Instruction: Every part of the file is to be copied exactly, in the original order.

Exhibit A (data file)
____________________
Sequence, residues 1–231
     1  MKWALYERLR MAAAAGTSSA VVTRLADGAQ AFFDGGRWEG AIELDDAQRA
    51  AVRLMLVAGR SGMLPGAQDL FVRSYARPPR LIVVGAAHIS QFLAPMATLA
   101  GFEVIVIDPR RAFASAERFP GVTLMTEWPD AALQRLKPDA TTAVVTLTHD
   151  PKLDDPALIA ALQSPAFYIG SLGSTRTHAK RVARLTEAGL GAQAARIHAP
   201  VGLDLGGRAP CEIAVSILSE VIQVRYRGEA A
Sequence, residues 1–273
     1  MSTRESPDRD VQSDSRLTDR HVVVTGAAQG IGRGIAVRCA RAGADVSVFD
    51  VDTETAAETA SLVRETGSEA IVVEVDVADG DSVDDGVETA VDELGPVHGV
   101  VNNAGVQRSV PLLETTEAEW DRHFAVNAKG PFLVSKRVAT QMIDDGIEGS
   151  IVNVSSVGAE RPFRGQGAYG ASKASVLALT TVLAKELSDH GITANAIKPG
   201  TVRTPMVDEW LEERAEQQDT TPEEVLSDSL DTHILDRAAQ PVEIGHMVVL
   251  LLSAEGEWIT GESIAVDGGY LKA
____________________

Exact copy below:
Sequence, residues 1–231
     1  MKWALYERLR MAAAAGTSSA VVTRLADGAQ AFFDGGRWEG AIELDDAQRA
    51  AVRLMLVAGR SGMLPGAQDL FVRSYARPPR LIVVGAAHIS QFLAPMATLA
   101  GFEVIVIDPR RAFASAERFP GVTLMTEWPD AALQRLKPDA TTAVVTLTHD
   151  PKLDDPALIA ALQSPAFYIG SLGSTRTHAK RVARLTEAGL GAQAARIHAP
   201  VGLDLGGRAP CEIAVSILSE VIQVRYRGEA A
Sequence, residues 1–273
     1  MSTRESPDRD VQSDSRLTDR HVVVTGAAQG IGRGIAVRCA RAGADVSVFD
    51  VDTETAAETA SLVRETGSEA IVVEVDVADG DSVDDGVETA VDELGPVHGV
   101  VNNAGVQRSV PLLETTEAEW DRHFAVNAKG PFLVSKRVAT QMIDDGIEGS
   151  IVNVSSVGAE RPFRGQGAYG ASKASVLALT TVLAKELSDH GITANAIKPG
   201  TVRTPMVDEW LEERAEQQDT TPEEVLSDSL DTHILDRAAQ PVEIGHMVVL
   251  LLSAEGEWIT GESIAVDGGY LKA